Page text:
In any case many young painters seized this opportunity and started a journey of discovery, defining their own style, which evolved and became more refined with time. New pieces were now depicting more secular subjects such as village scenes, barong drama, ceremonies, dancers… Anak Agung Gede Sobrat is a perfect example of such artist.
In the mid 30’s, Spies, Bonnet and the local artist I Nyoman Lempad created an artist guild called ‘Pita Maha’ under the patronage of the Raja of Ubud.
Their aim was to ensure that although tourism meant a growing demand for Balinese paintings, quality, excellence and ‘profoundness’ should always remain the foundation for Balinese art. Through the association, they encouraged painters to focus on creating really good quality pieces which they would select, display in selected galleries (such as the one of the Neuhaus brothers in Sanur) or facilitate to be sold abroad.
Later on, at the end of the 50s, another artist from the Netherlands, Arie Smit also became the key for a further evolution in the painting style around Ubud. He did not introduce concepts, dictate themes nor used any assertive approach but encouraged teenagers to play with colours and to fully spontaneously express their imagination.
The paintings became very vivid in colours in an unconventional and rather imaginative way, creating a sense of livelihood and naïve painting. The group he supported in the village of Penestanan was to become famous as the ‘Young Artists’.
The painting subjects and styles have continued to evolve over the last decades and the most popular subjects currently tend to be bucolic village scenes, landscapes, ceremonies, dancers, tropical fauna but more modern, abstract pieces are also to be found.
Certain painters exhibit their own paintings in small galleries attached to their compounds or have gathered into communities such as the ‘Pengosekan community of artists’ under the lead of the fascinating Dewa Nyoman Batuan.
Through the area of internet, the globalisation and tourists coming from all over the globe, the younger generation of painters is absorbing a constant new flow of impressions and inspiration. Nowadays, certain artists still continue to live the sacredness of their art but the question which can be posed is whether the traditional sacred paintings and their sacral purpose can be pertained when the old masters still alive will depart.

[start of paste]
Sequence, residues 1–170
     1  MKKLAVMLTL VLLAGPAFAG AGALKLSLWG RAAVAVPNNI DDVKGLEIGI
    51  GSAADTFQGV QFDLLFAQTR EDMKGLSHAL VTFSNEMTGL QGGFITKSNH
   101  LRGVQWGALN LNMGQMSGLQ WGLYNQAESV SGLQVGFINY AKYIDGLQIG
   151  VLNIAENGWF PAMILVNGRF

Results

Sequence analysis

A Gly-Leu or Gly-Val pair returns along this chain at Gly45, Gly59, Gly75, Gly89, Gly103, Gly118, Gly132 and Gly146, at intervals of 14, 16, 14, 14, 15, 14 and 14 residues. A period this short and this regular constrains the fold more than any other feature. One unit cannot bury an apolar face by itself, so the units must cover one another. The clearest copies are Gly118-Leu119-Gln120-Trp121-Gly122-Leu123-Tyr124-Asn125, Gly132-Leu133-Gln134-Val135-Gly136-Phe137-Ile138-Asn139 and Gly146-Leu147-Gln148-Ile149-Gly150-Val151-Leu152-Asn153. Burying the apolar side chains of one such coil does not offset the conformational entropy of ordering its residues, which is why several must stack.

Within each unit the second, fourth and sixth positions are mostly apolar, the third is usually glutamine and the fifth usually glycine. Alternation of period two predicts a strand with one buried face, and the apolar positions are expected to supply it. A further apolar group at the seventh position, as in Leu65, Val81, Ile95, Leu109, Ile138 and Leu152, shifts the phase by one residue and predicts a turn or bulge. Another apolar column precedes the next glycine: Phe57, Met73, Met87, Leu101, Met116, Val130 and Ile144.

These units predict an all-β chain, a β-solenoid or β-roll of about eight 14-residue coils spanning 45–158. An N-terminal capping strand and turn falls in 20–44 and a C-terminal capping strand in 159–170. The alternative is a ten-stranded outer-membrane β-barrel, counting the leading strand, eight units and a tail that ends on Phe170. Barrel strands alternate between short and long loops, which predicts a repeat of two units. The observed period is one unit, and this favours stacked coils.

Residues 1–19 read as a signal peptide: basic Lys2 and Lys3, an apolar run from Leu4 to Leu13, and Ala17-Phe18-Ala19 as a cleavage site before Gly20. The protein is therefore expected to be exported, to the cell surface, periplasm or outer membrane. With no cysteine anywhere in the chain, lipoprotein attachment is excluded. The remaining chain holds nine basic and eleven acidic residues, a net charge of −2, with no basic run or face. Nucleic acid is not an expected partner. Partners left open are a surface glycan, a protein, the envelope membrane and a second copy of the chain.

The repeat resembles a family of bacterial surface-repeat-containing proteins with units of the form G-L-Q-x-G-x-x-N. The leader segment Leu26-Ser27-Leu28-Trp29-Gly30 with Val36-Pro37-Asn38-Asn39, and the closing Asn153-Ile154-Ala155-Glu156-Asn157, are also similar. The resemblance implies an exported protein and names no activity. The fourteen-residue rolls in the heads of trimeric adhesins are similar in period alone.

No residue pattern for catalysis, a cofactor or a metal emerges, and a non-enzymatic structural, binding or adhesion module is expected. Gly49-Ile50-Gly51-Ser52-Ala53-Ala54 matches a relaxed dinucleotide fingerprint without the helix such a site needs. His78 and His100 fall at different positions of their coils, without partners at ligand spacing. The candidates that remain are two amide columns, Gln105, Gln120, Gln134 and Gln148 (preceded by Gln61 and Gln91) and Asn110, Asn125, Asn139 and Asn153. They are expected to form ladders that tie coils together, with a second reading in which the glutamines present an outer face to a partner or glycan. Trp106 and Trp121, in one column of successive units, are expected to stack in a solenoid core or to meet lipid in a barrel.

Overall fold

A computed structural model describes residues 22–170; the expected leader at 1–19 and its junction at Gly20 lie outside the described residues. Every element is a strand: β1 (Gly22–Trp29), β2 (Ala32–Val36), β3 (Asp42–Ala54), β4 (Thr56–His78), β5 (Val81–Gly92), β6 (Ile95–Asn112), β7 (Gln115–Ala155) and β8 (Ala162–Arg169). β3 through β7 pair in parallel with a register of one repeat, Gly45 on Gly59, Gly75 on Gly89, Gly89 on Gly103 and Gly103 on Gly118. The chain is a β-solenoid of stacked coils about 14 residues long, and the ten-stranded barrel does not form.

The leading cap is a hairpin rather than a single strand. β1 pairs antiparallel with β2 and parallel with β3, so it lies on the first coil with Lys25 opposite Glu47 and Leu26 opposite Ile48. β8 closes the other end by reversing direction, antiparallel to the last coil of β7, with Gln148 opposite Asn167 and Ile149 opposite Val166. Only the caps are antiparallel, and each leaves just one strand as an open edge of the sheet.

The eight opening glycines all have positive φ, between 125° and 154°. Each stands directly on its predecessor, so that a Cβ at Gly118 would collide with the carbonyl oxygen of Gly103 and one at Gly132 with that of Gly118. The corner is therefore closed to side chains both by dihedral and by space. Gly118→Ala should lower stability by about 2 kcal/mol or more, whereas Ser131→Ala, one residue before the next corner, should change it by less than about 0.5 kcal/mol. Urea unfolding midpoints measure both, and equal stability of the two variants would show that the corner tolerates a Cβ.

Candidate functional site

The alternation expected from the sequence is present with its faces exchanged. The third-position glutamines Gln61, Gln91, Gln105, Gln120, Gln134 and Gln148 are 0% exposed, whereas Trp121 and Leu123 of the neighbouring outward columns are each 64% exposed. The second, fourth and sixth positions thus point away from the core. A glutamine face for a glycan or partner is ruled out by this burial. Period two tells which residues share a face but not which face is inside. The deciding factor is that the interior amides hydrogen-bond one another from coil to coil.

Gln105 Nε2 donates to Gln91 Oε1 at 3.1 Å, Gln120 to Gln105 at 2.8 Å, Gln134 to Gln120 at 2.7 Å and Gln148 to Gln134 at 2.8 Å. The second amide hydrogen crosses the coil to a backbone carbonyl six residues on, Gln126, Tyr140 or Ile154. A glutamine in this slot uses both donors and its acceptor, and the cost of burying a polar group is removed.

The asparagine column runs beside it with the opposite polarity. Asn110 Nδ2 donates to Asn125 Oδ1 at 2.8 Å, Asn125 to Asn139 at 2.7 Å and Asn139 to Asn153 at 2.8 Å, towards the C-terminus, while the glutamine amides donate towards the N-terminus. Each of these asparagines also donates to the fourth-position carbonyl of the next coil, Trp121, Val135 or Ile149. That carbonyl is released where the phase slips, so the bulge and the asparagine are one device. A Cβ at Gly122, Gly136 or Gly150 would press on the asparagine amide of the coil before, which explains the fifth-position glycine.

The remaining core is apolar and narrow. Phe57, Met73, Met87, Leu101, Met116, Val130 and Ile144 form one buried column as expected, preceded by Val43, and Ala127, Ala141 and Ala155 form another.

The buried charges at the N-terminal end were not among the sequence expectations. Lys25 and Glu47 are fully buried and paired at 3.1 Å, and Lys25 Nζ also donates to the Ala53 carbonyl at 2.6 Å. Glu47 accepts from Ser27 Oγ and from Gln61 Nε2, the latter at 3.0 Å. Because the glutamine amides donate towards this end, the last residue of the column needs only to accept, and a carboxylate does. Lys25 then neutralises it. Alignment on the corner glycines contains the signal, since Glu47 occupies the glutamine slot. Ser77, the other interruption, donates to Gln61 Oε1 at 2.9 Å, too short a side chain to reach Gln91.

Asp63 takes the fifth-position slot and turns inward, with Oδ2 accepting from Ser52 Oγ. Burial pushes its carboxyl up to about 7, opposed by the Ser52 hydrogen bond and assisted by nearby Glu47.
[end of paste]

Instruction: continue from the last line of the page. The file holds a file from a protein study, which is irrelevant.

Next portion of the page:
Ubud has become since the Pita Maha association in the late 1930s one of the strongest cultural centre of Bali and offers the discerned travellers magnificent museums where the different painting styles can be discovered.
The Purist Villas are located in the small village of Kutuh Kaja, just off Ubud and are the perfect place to stay if you wish to discover Ubud and its incredible array of culture and arts. The villas are located in a lush set of gardens and have all been designed to display the most interesting artefacts from all over the archipelago: art, refined taste and a sensible approach to local style are definitely the credo of this elegant, peaceful hideaway just a few minutes from Ubud centre.
The Purist Villas Ubud warmly recommend you to visit:
o The Neka Museum
o The Puri Lukisan Museum
o The ARMA Museum
o The Rudana Museum
o The Pengosekan Community of Artists
o Tanah Toh Gallery
If you are interested in the Balinese Art of Painting, here are some books which we highly suggest you to read:
Perceptions of Paradise-Images of Bali in the Arts (Yayasan Dharma Seni Museum Neka)
The Folk Art of Bali- The narrative Tradition (Fischer & Cooper)
Artists on Bali ( Ruud Spruit)
Sacred Painting in Bali- Tradition in transition (Thomas L. Cooper)
The Art and Culture of Bali (Urs Ramseyer)
The purist villas base culture Ubud Bali